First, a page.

Twenty-Six Days Wild – A Marriage of Gulls and Bad Taxidermy

We escaped London this weekend, to the coast, for a gigantic wedding. I was worried that I’d be so busy that I’d not be able to indulge in acts of wildness, but that wasn’t the case at all.

I come from Cornwall, so am very accustomed to gulls and their unpopular habits of stealing chips and mobbing holiday makers for their pasties. The herring gulls of Cornwall can display some pretty wild behaviour, but it’s not always the most natural. The gulls of Hastings however, behaved in a completely different fashion, as though not yet corrupted by our wasteful ways.

As we walked along the carpet of shingle that covers the sea front, I noticed the gulls picking mussels from the rocks, flying about 50ft in the air, dropping the mussels onto the shingle then devouring the delicious smashed morsel. I felt as though I’d gone back in time to observe a forgotten behaviour. Fascinating.

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The Sea front was home to herring gulls as well as the odd lesser black backed gull. They sat on posts, picked mussels from the pier and owned their shingle beach. Everywhere you looked there were pieces of broken mussel shell, and not a chip in sight.

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St Leonards-on-Sea, part of Hastings, is a bit of a ghost town. We drove in past VOTE LEAVE signs and a fallen drunk being helped off the floor by police. It was built as a seaside resort for the well-off in the 19th century, but now feels neglected. The seafront is lined with out-of-business chippies, discount shops and huge caravans. There is, however, one thing trying to pull the town into the 21st century. A brand spanking new, wooden clad pier juts out into the water. We were there on a sunny Saturday morning, but the rides were motionless, almost as though they were museum exhibits.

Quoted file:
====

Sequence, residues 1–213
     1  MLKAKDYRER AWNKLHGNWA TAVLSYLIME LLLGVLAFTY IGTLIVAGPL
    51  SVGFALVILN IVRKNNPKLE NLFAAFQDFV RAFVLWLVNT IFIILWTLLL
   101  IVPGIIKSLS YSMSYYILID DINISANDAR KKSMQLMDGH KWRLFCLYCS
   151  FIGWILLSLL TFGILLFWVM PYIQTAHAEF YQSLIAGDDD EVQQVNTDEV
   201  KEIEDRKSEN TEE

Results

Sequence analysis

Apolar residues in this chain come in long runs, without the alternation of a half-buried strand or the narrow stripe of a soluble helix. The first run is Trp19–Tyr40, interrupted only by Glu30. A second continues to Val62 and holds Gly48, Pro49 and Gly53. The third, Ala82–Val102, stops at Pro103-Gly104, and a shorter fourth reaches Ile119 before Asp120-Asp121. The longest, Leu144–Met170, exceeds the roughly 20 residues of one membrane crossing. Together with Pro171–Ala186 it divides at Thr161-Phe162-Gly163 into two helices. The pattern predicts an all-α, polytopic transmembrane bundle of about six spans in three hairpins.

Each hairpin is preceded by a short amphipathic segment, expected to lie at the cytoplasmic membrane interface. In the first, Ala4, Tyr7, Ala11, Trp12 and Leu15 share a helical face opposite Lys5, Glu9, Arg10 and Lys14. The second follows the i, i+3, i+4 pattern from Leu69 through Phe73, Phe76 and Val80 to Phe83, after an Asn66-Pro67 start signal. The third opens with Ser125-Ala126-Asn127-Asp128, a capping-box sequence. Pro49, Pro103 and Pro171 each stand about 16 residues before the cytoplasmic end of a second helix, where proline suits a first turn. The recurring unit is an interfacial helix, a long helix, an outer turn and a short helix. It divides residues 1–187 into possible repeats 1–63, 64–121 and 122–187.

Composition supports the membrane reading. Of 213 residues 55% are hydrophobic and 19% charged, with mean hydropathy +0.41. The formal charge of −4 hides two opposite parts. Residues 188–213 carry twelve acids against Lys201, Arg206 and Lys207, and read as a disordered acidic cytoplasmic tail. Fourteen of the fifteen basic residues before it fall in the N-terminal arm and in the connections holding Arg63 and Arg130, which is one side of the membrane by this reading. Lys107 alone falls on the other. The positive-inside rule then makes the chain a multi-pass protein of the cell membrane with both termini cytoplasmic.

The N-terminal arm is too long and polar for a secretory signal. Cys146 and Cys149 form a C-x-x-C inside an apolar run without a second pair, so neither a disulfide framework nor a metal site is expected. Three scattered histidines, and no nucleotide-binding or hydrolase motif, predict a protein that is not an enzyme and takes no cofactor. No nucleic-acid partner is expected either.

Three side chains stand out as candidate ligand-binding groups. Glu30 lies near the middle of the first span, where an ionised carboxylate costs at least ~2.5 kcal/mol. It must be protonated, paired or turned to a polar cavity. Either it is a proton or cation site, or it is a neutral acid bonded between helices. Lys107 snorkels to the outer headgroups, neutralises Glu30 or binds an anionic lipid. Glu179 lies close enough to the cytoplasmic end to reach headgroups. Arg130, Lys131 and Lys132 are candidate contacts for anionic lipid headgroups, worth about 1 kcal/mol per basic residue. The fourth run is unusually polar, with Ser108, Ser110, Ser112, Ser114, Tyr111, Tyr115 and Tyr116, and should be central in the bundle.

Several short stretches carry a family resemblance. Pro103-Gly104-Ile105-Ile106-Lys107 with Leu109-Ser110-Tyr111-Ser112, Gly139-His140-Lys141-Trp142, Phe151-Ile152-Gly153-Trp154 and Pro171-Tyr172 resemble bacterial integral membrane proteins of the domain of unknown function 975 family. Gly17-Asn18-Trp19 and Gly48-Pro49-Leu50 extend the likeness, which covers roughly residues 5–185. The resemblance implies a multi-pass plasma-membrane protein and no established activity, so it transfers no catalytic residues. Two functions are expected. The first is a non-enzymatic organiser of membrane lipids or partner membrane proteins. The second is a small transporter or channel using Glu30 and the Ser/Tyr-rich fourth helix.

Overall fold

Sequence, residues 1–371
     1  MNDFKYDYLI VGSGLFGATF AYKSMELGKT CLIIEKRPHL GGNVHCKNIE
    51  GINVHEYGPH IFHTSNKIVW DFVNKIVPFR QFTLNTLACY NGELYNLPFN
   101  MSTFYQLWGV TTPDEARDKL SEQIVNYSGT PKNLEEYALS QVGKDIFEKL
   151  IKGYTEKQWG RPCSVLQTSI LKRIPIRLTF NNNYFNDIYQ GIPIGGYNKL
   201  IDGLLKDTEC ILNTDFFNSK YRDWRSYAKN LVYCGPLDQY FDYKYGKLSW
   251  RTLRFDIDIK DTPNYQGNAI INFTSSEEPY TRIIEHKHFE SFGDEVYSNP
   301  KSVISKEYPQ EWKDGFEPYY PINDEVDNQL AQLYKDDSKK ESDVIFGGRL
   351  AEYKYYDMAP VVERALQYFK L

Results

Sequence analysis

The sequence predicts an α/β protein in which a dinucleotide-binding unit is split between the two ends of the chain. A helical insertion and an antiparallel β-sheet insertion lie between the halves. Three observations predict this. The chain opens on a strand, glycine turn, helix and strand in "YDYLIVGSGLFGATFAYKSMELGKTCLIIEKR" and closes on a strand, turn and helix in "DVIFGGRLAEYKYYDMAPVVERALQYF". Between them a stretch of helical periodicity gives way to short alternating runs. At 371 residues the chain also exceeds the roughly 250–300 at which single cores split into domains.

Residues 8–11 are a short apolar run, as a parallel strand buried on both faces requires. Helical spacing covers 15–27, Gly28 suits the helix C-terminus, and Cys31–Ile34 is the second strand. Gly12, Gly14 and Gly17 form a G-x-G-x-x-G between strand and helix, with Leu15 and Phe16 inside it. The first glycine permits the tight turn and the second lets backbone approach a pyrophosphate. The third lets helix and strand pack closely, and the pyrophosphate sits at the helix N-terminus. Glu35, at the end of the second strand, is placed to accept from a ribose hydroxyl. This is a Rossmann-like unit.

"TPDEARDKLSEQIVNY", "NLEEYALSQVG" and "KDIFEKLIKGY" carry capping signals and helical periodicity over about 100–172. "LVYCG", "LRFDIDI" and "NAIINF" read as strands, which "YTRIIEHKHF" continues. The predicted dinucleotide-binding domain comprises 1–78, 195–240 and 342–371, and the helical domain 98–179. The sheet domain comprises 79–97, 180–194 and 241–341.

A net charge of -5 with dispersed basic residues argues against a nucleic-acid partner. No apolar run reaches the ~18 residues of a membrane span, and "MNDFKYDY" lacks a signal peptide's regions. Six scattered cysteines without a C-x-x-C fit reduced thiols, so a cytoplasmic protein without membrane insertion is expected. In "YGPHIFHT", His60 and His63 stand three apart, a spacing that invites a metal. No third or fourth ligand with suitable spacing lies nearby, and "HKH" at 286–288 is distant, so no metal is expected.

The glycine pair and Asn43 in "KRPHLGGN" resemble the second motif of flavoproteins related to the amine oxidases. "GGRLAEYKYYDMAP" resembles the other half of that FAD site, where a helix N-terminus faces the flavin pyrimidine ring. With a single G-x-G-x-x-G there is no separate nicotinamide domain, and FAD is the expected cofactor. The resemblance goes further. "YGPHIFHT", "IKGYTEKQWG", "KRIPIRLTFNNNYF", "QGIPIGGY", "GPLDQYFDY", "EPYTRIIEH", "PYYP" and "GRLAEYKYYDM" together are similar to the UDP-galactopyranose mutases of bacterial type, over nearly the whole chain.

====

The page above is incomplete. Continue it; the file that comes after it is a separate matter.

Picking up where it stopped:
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The town is full of junk shops, some better than others. You could easily spend an afternoon getting lost in amongst them.

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We wandered through one shop that just went on forever. It was in this never-ending junk shop that my second act of wildness took place. Taxidermy is a bizarre artform. If done well, like many of the exhibits in the Horniman Museum, it can look as though an animal has been frozen in time. On the other end of the spectrum, a bad job can look more horrific than Pete Burns, with a hangover after a visit to the dentist. After the grinning fox, stuffed animals starting popping up all over town.

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On another note; there was a moth in the pews during the ceremony, I saw a number of butterflies in the garden at the reception, the table decorations were plants teaming with ants… and I got wildly drunk.

I need not have worried.

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